VALE of Glamorgan Council’s budget for next year has been roundly rejected in an “unprecedented” scenario.
The Conservative-minority council’s financial plan was voted down 25-18 – with Tory backbenchers refusing to back their own party’s plan.
They were united in anger with Labour and Plaid Cymru over planned hikes in Council Tax and use of reserve funds to fill their money gap.
The Tory rebels at Wednesday’s full council meeting included former Welsh Conservative leader Andrew RT Davies as well as George Carroll, Janice Charles and Vincent Bailey.
Leader of the Plaid Cymru group in the Vale, Counillor Ian Johnson, said: “The failure of the leading Conservative group to get their Budget passed is quite unprecedented in my experience and I wait to hear proposals when the Vale Council meets again to debate.”
Whilst reasons varied, the most vocal disagreement was over how the council aimed to use £2m of the Vale’s £13.6m reserve funds to prop up their budget for 2019/20 and £1m for 2020/21.
The Labour leader in the Vale, Coun Neil Moore, said using reserve funds to meet budget shortfalls would set “a dangerous precedent.”
While Labour opposed the use of reserve funds, Plaid Cymru’s opposition argued for a smaller rise with greater use of these reserves.
Since 2010, Vale of Glamorgan council has had to cut £55m from their budget and have to make a further £3.7m in savings over the next financial year.
During the meeting Council leader John Thomas stated they had met 86 per cent of their savings targets, but had fallen short of the planned £6.29m cut by £724,000.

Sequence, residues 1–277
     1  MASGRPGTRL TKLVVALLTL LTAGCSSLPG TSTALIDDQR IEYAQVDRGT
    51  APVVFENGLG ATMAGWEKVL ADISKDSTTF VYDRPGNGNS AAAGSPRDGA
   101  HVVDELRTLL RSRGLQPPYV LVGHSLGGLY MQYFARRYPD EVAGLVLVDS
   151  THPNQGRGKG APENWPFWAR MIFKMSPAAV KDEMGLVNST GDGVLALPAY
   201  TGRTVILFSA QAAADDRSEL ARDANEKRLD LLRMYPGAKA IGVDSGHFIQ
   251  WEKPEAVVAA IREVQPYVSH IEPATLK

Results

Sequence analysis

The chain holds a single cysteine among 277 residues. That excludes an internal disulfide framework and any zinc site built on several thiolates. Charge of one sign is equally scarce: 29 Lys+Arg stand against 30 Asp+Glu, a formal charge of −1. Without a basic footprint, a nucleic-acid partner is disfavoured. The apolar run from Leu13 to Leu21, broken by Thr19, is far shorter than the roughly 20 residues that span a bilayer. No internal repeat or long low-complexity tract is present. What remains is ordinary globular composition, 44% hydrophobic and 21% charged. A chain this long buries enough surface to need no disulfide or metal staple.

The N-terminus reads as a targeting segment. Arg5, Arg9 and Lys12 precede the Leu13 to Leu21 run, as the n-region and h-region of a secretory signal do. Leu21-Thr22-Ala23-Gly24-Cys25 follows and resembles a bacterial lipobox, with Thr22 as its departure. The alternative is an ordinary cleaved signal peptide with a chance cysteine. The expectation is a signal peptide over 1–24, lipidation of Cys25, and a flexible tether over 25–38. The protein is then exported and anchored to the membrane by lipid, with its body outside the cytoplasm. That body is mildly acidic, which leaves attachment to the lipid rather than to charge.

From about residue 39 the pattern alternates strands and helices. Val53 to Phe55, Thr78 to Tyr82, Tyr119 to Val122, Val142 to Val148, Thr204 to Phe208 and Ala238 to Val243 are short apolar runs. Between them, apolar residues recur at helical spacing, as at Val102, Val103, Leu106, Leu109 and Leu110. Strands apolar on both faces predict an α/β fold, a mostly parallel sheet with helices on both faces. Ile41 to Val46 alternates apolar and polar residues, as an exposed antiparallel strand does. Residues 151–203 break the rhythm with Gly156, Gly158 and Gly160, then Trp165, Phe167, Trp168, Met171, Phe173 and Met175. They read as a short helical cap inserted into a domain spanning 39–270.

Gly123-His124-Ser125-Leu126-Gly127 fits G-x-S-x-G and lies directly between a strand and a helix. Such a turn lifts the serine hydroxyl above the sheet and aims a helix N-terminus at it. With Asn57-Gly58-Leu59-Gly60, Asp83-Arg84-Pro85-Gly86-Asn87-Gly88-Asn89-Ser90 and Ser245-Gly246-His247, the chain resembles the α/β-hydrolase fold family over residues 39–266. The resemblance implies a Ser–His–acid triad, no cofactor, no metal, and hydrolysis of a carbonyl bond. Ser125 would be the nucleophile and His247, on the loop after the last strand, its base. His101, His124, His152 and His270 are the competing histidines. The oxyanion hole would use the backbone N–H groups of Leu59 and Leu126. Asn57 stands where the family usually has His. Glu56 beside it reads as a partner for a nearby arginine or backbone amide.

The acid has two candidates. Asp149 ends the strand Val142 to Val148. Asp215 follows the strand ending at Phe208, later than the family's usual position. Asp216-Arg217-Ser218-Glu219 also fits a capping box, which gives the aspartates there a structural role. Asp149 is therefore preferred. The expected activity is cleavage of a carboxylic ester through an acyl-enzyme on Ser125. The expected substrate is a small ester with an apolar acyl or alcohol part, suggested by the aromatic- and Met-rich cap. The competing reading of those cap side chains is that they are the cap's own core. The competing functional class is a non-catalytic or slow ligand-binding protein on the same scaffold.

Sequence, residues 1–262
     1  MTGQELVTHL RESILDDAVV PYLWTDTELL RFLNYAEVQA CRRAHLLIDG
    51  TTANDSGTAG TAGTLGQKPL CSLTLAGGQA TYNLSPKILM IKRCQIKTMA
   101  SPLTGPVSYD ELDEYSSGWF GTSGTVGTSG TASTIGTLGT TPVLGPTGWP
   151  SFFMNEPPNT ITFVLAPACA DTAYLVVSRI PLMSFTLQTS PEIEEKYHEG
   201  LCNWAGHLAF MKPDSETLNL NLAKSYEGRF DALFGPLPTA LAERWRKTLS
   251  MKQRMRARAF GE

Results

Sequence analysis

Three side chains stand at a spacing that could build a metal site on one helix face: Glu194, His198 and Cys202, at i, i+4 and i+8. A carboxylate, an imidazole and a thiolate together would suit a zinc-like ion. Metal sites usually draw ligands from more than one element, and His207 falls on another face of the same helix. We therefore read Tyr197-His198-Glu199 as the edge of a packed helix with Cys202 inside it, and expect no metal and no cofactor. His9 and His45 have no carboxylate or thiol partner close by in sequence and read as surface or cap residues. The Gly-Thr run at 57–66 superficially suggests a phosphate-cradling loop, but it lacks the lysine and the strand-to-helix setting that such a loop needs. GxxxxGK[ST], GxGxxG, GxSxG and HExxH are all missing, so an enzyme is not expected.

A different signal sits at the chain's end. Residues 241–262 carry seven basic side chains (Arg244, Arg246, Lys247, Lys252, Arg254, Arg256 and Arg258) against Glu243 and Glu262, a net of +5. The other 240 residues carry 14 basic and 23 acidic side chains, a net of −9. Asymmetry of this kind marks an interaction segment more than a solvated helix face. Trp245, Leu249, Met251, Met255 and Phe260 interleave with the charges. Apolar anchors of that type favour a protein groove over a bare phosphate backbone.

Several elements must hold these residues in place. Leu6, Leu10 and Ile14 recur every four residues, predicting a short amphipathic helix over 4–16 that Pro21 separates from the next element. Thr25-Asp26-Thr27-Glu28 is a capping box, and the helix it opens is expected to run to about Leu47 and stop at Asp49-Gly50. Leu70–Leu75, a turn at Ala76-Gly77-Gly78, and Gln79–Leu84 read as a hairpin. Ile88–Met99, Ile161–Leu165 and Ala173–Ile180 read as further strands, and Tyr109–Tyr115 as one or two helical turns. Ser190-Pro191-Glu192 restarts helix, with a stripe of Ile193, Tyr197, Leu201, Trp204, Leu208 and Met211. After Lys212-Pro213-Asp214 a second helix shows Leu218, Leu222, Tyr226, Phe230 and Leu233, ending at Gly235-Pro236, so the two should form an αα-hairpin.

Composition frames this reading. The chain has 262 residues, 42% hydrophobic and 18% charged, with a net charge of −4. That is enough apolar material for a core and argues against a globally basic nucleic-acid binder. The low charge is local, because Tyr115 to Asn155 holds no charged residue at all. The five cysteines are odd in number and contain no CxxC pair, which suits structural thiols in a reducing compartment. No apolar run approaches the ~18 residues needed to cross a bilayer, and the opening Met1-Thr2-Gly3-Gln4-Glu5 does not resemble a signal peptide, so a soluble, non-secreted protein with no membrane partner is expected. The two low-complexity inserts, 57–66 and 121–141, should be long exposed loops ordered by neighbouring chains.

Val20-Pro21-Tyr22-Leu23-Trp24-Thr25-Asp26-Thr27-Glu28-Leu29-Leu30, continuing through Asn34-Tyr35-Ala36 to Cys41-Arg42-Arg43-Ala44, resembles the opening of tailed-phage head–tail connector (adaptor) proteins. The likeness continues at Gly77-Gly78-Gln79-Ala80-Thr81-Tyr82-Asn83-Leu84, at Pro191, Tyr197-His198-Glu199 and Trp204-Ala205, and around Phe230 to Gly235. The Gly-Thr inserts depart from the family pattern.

Part of the Labour bloc, Penarth Coun Neil Thomas said: “We voted against because, looking at their performance over the last two years, we have no confidence whatsoever in them delivering the savings they claim. Which means that they will have to drain the reserves to the point where no cushion is in place for future emergencies.”
‘They’re are reducing services and increasing Council Tax for residents who are struggling’
In order to meet their spending commitments and statutory spending requirements, Vale Council had also planned to increase Council Tax share by the maximum 4.99 per cent.
Barry resident, Julia Brunskill said: “There have been new builds flying up over the last few years and many more new builds to come.
“They gain new Council Tax payments from all of those, are reducing services and wish to increase the Council Tax from residents who are struggling – and in an area where universal credit has been rolled out.”
Coun Ian Johnson said at the meeting: “I blame Westminster and Cardiff Bay.
“They need to look at what services they want us to provide and give us the funding.”
The Council will now hold an extraordinary meeting by Friday, March 8, as they have until March 11 to set the new rate of Council Tax they need to pass a budget.